The Sun's editorial writer is out of the office this week. The following editorial is republished from the May 11 (DeKalb, Ill.) Daily Chronicle.
Don't look now, but Illinois' highway traffic fatalities have taken a big nosedive since the beginning of the year.
As of Friday (May 9), according to the Illinois Department of Transportation, 254 people had lost their lives in fatal crashes on all roadways in the state.
That marks a nearly 25 percent reduction compared with the 336 fatalities from the same date a year ago.
With the year more than one-third over, Illinoisans have reason to celebrate such good news. (Traffic fatalities are also down in Kentucky with 189 deaths so far this year. That compares with 197 at the same time in 2013 and 256 at this point in 2012.)
What could be the cause?
Here are a few possibilities:
n The ban on drivers using hand-held cellphones took effect Jan. 1. With one less distraction behind the wheel, drivers might be having fewer crashes en route to their destinations.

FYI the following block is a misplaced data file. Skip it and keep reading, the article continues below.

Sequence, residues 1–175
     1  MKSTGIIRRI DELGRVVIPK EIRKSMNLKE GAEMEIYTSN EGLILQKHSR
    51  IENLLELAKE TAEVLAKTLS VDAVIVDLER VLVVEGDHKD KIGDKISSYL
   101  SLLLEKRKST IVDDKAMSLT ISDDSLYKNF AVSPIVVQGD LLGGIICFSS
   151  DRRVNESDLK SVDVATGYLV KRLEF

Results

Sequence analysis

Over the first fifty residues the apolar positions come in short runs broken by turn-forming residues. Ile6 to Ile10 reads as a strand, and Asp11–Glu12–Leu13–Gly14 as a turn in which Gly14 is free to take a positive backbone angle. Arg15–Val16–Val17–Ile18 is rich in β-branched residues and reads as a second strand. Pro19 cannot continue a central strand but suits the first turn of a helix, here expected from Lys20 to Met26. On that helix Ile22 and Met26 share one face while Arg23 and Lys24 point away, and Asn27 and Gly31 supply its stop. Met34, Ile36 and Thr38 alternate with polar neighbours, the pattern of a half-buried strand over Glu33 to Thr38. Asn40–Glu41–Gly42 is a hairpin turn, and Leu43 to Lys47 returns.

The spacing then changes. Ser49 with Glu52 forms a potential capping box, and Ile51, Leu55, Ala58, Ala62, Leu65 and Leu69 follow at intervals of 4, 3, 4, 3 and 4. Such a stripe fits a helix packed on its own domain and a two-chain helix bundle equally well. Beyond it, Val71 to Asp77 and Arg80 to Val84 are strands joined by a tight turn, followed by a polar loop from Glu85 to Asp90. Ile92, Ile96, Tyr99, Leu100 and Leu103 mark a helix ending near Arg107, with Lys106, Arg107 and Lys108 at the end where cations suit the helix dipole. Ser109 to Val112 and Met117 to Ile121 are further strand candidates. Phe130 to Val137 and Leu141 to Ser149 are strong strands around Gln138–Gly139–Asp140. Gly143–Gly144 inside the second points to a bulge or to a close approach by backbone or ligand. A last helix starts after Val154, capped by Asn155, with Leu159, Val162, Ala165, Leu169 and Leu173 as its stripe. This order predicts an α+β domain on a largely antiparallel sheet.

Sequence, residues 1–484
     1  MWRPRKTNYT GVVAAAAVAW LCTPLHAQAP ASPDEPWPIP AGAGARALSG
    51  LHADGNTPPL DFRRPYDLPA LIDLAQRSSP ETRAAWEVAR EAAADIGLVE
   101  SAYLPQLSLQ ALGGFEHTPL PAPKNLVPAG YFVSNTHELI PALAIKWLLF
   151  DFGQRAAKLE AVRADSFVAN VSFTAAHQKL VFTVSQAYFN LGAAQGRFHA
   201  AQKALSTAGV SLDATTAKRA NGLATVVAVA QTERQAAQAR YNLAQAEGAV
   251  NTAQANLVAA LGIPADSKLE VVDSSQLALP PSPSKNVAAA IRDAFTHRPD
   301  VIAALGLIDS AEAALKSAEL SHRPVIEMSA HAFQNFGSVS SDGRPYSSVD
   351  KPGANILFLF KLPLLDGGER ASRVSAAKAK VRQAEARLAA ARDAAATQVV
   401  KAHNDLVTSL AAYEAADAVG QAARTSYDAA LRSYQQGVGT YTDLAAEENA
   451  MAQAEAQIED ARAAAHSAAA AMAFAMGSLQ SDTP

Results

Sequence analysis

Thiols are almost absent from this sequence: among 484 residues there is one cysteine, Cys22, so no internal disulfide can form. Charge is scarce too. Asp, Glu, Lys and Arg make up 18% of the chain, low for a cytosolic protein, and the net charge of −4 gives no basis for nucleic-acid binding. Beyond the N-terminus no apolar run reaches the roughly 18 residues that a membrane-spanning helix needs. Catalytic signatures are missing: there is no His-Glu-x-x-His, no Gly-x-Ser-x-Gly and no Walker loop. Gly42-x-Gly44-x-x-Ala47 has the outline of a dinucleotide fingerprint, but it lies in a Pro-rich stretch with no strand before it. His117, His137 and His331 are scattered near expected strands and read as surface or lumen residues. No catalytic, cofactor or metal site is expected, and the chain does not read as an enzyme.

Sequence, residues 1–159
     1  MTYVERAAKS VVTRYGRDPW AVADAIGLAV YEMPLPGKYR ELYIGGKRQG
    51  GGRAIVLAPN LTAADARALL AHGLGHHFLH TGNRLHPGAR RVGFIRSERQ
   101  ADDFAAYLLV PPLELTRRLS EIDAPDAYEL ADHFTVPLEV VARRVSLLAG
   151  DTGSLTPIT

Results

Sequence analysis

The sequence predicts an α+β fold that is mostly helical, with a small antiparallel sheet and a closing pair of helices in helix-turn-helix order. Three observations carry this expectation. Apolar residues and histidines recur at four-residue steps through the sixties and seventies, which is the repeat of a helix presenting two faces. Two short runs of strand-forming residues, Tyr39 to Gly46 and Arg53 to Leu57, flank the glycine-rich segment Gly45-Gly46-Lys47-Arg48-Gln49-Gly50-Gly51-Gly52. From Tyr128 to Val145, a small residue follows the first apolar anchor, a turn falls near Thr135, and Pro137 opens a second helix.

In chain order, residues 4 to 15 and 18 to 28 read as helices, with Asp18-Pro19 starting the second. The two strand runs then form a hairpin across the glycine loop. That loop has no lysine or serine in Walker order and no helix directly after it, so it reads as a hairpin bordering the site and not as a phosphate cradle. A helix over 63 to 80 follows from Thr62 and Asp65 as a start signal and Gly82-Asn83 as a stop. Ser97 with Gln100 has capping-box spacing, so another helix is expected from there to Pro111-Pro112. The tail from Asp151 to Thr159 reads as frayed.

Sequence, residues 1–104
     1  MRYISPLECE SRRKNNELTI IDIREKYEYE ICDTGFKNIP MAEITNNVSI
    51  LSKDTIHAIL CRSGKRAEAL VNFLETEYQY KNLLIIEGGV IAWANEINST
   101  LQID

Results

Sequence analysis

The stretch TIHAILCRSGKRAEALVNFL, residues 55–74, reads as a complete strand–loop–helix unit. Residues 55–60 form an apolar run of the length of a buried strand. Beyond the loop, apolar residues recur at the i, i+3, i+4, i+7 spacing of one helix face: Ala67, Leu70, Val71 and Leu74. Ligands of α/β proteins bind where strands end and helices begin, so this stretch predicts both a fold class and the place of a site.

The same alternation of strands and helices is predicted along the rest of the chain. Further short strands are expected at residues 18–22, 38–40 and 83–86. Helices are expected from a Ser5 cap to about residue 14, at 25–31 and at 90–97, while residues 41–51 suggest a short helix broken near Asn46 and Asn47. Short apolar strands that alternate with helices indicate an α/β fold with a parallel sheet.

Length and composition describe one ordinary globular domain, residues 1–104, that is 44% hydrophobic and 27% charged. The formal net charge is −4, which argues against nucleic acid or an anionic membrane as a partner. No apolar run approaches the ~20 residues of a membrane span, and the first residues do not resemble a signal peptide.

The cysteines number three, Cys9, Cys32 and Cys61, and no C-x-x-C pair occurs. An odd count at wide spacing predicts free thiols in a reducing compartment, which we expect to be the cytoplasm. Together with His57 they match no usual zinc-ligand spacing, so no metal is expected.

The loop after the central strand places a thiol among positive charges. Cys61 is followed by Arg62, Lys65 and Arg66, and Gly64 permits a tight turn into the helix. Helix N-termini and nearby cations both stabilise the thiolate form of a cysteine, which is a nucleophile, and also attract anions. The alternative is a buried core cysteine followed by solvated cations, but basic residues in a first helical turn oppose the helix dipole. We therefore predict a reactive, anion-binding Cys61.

n Drifting snow, slippery ice and bone-chilling cold might have discouraged drivers from making road trips during parts of January, February and March. Fewer people on the road could have led to fewer crashes.
n The increase in the interstate highway speed limit from 65 to 70 mph also could have been a factor, although it sounds counterintuitive. However, supporters of the 70 mph limit argued that highway safety would improve if more vehicles traveled at the same speed.
n With each passing year, more drivers are in cars with advanced safety features than ever before.
Last year, when 992 people lost their lives in Illinois traffic crashes, the death rate was 2.72 a day.
If the current death rate for 2014 of 1.97 a day continues through December, Illinois is on track to experience a more than 270-person reduction in its death toll, to about 720.
How can motorists continue to participate in this beneficial trend?
Keep their hands off cellphones while behind the wheel, and keep their eyes on the road.
Distracted driving, in fact, is one of the "Fatal Four" infractions that state police continue to target for enforcement, along with speeding, driving under the influence and not wearing seat belts.
The trend for much safer highways in 2014 has been established. Let's keep it going. We urge people to continue to drive defensively and watch out for the other guy.